Wilfred Wong of Wine.com - "Pale gold hue with an active bead. Shy, buttery aromas with hints of cream and caramel. Rich tart tatin flavors highlighted by opulent peach and cream notes. Lengthy, enjoyable finish displays elegance as well as staying power."
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Champagne Bollinger Winery
In 1829, Champagne Bollinger introduced an instantly recognizable, dry, toasty style that connoisseurs around the globe have coveted ever since. Six generations of the Bollinger family have maintained that trademark style, and Bollinger is one of the rare Grande Marque houses to be owned, controlled and managed by the same family since it was founded.
With 399 acres of vineyards situated in the best Grands Crus and Premiers Crus villages, Bollinger relies on its own estate for nearly two-thirds of its grape requirements, including the Pinot Noir that gives its Champagne its distinctive roundness and elegance. Bollinger is one of a select few houses that can control the quality of its grape supply so carefully.
Bollinger is renowned for its stringent quality standards. It adheres to traditional methods, including individual vinification of each marc and cru, barrel fermentation (it is the last Champagne house to employ a full-time cooper) and extra-aging on the lees prior to disgorgement.
Members of the British Royal Court were among the first to embrace Bollinger’s unmistakable quality, and Queen Victoria made Bollinger the exclusive purveyor to the Court by Royal Warrant in 1884. Besides royalty, loyal devotees have included heads of state, celebrities and even famous fictional characters: Agent 007, James Bond, demands the exclusive Champagne Bollinger. View all Champagne Bollinger Wines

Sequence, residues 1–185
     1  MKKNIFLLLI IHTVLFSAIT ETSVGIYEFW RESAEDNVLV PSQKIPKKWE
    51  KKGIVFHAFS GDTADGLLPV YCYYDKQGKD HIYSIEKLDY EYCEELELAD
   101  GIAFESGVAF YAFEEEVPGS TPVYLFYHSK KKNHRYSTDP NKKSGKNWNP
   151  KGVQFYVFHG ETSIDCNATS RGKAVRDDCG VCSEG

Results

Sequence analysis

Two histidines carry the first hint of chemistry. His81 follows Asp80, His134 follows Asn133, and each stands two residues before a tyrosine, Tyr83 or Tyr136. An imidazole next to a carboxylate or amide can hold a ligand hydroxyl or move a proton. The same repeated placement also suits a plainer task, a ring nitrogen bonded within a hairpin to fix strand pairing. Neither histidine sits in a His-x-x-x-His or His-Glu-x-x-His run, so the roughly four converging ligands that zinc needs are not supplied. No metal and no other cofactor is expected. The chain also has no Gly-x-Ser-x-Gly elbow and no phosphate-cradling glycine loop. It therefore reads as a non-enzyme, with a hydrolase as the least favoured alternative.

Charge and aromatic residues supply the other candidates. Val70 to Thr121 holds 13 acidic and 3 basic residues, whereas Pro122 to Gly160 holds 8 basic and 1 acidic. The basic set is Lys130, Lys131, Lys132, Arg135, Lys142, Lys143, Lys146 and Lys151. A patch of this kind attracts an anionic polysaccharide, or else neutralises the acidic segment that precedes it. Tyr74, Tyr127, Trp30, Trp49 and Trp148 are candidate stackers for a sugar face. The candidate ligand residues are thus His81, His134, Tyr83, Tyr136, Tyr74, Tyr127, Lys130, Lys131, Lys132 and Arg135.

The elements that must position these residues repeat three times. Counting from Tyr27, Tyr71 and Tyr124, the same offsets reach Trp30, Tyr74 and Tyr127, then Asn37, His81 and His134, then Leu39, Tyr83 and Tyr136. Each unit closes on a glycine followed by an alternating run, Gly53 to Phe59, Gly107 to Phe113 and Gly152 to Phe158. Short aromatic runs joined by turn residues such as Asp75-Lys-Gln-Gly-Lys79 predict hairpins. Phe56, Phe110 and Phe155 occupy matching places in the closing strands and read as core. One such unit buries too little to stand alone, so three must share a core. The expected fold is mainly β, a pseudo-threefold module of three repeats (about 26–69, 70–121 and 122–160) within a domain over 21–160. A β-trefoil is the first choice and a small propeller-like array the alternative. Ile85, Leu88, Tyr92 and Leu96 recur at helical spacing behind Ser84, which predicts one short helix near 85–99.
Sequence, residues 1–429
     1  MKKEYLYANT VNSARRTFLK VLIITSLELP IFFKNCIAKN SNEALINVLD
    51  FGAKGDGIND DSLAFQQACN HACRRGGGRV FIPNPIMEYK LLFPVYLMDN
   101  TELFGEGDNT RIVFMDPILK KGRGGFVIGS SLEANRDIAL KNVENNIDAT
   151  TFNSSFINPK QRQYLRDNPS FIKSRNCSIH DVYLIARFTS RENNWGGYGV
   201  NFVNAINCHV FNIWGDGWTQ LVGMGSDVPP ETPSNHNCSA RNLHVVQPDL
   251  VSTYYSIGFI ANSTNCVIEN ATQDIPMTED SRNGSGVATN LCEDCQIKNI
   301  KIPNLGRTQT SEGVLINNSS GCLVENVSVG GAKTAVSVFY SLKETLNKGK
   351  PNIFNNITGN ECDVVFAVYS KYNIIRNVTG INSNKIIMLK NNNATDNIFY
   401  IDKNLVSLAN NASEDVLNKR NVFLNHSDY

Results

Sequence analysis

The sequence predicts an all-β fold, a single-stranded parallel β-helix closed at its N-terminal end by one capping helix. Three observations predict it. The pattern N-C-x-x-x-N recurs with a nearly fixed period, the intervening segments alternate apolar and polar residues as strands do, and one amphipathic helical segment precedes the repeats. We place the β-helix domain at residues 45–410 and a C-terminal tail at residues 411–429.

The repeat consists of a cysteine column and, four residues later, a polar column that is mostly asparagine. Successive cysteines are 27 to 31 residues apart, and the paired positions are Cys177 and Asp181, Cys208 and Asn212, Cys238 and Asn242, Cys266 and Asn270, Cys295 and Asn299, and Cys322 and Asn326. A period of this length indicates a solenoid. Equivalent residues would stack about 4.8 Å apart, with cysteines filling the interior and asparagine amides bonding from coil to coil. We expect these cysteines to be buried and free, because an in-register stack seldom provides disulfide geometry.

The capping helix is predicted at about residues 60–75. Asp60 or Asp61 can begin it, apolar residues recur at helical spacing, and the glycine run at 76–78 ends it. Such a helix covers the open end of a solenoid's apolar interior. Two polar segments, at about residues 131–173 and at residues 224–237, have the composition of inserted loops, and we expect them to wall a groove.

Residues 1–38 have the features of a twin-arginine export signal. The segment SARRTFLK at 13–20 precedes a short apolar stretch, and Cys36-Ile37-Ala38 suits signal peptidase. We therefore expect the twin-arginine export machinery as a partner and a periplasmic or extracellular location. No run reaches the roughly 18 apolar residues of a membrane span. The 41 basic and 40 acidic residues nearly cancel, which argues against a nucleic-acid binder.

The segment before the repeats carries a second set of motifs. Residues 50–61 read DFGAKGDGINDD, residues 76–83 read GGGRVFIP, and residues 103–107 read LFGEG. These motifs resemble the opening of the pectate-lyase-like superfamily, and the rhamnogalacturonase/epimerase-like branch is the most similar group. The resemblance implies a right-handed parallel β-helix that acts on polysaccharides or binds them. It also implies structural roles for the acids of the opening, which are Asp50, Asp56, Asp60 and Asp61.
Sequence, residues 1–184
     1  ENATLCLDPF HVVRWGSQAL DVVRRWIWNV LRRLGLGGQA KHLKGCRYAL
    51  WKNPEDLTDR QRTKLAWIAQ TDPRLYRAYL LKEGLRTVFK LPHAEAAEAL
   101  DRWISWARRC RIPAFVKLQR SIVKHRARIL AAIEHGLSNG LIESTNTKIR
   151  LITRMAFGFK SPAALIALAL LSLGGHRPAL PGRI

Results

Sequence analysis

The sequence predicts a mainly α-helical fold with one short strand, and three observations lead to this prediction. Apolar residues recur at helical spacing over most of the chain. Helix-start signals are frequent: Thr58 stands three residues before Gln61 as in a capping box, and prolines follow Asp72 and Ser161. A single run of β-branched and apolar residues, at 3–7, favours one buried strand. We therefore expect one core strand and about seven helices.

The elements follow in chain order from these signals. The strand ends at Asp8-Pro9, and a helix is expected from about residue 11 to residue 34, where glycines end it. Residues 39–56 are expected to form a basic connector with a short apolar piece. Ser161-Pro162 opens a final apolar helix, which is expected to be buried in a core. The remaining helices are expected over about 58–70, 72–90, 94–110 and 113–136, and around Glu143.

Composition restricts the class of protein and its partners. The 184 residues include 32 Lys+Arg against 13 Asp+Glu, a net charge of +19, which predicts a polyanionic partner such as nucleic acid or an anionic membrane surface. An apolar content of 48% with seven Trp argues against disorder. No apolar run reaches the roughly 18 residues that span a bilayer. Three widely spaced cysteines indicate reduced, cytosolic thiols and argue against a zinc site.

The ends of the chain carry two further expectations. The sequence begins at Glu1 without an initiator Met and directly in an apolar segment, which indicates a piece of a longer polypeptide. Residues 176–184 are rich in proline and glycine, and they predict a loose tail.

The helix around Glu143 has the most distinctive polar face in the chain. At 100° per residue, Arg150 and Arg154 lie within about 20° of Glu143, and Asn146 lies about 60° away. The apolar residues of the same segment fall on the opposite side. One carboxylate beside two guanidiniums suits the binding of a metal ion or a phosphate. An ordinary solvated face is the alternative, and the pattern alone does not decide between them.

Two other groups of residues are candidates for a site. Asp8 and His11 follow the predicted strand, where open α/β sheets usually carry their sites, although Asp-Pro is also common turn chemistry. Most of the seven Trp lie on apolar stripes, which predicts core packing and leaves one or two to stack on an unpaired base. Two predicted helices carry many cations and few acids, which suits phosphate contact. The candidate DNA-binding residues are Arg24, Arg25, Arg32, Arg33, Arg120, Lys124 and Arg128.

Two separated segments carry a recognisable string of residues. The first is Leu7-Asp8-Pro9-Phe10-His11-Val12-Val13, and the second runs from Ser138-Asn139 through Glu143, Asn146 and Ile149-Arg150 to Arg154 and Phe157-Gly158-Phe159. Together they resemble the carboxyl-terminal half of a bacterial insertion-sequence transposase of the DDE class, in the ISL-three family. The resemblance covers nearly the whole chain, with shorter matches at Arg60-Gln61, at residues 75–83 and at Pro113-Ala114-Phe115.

About ChampagneView a map of Champagne wineries Champagne is both a region and a method. The wines come from the northernmost vineyards in France and the name conjures an image like no other can. An 18th Century Benedictine monk named Dom Perignon is said to be the first to blend both varietals and vintages, making good wines not only great, but also special and unique to their winemaker. Today, nearly 75% of Champagne produced is non-vintage and made up by a blend of several years' harvests.
All Champagnes must be made by a strictly controlled process called "Méthode Champenoise." The grapes are pressed and fermented for the first time. The blending phase follows and the wine is bottled and temporarily capped. Then comes the second fermentation, a blend of sugar and yeast is added and, this time, the carbon dioxide is kept inside the bottle. This process leaves a great deal of sediment that is extracted through a process of "racking" or "riddling." The bottles are progressively turned upside down until all the sediment is collected in the neck. The necks are then frozen and the sediment is "disgorged." After this phase, the winemaker may decide to add sugar to sweeten the wine. Finally the wine is corked. Some wines move through this process in a couple of months, while others are aged after the riddling phase to build greater complexity and depth.